Selling Your Property 101

Share this post:

This is getting right back to the basics but it appears these days in the hustle and bustle of everyday life and the ‘I want it yesterday’ attitude of the nation, simple processes are not being followed correctly, leaving sellers at risk.

Before you decide to sell your property, chat to your bank that you have a mortgage with or your mortgage broker, to ensure you know the minimum price you can accept as a sale price or even if you have enough security for the bank to agree to release you from the mortgage.  With the economy the way it is and the possibility things may worsen in the coming years, banks are tightening their reins and once you sign a contract for sale you have limited opportunities to terminate, without the default of the buyer.

When selling a unit/duplex or other property which is strata titled (body corporate controlled) ensure the agent completes and you sign a BCCM Form 14 Disclosure Statement.  This must be presented to buyers at the time of making an offer to purchase your property.  If this document is not attached or presented to the buyer at the time of signing the contract of sale, you leave yourself open to risk of termination until the matter settles, regardless of what other conditions are in the contract of sale.  The agent is required to follow this procedure under PAMDA legislation, so make sure you ask your agent about it.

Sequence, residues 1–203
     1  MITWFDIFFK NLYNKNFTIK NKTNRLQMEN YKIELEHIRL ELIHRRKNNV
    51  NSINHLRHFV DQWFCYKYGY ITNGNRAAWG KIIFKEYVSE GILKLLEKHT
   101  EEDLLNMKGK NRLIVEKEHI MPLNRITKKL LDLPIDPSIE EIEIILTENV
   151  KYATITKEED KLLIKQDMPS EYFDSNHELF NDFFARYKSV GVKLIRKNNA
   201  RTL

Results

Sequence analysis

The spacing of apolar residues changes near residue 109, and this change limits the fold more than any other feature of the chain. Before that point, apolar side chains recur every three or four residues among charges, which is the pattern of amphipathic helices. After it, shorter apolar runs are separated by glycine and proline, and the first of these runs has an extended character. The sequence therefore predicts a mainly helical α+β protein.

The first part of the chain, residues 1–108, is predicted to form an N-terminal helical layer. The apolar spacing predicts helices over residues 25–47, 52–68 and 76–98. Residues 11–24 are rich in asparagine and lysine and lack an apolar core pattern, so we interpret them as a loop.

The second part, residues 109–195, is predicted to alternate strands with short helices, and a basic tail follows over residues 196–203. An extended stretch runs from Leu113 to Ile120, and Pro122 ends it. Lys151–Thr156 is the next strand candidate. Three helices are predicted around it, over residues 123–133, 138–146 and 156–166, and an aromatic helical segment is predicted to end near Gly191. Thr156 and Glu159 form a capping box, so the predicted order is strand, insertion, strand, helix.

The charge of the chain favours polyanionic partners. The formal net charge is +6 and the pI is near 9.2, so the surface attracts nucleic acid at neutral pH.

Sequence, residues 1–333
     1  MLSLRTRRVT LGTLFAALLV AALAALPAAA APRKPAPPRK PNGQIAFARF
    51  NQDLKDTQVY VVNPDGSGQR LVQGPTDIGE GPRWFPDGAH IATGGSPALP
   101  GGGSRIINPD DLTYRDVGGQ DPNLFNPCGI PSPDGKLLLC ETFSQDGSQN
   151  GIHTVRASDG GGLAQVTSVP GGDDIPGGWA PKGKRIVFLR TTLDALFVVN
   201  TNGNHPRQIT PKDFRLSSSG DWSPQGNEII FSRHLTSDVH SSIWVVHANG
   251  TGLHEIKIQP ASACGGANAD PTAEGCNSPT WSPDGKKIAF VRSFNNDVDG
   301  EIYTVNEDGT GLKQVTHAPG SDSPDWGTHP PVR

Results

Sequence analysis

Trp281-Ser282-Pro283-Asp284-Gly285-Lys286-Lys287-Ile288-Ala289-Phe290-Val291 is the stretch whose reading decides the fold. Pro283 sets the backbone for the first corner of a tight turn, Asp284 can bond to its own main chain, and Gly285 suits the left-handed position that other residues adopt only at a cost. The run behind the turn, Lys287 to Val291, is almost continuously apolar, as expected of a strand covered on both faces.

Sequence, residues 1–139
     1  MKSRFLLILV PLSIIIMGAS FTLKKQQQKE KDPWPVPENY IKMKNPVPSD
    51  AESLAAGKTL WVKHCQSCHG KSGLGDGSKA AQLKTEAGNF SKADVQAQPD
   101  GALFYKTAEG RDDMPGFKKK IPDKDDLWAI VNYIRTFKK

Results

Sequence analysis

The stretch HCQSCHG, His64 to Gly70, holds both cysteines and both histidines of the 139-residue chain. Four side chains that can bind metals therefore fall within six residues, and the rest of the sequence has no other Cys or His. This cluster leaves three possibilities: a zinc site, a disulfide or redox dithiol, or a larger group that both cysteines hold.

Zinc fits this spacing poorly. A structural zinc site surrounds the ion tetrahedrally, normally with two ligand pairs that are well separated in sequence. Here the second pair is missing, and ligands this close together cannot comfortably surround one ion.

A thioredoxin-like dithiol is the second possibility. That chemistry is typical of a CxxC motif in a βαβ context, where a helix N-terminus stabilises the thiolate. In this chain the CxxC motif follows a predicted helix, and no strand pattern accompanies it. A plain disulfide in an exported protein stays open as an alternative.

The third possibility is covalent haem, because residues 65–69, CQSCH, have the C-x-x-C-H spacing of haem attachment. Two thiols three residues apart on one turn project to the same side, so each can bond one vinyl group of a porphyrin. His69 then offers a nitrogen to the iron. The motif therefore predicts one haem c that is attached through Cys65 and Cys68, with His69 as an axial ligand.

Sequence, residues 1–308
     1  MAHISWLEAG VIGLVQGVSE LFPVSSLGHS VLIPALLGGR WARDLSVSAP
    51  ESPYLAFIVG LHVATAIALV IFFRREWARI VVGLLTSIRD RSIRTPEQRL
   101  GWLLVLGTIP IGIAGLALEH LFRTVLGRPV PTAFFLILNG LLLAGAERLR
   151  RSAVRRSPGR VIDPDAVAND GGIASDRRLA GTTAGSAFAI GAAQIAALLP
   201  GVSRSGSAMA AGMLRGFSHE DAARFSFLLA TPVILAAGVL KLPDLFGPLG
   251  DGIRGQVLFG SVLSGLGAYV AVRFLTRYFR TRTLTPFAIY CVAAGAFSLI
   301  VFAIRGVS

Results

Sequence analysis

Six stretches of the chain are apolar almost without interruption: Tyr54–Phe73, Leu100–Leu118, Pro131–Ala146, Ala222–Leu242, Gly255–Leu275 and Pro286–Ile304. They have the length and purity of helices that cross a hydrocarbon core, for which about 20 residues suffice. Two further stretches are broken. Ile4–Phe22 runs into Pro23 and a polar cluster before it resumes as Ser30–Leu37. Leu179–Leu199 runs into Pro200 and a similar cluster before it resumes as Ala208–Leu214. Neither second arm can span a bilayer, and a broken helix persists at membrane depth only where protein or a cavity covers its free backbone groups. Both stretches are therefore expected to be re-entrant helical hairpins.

These are simple but important issues that will assist with the smooth progress of your property sale.

If you have any questions or would like advice before signing your contract of sale, please contact MMLaw.


Are you ready to sell your property? Get a Free Conveyancing Quote from us: Get a Free Quote

Share this post:

Posted in


The content published in this Blog is in the form of academic papers and the opinions expressed herein are generalised. The information provided is for educational purposes, not specific legal advice.

The application of any principles referred to can alter from case to case and accordingly you should seek independent legal advice in respect of your individual circumstances.


Subscribe To Newsletter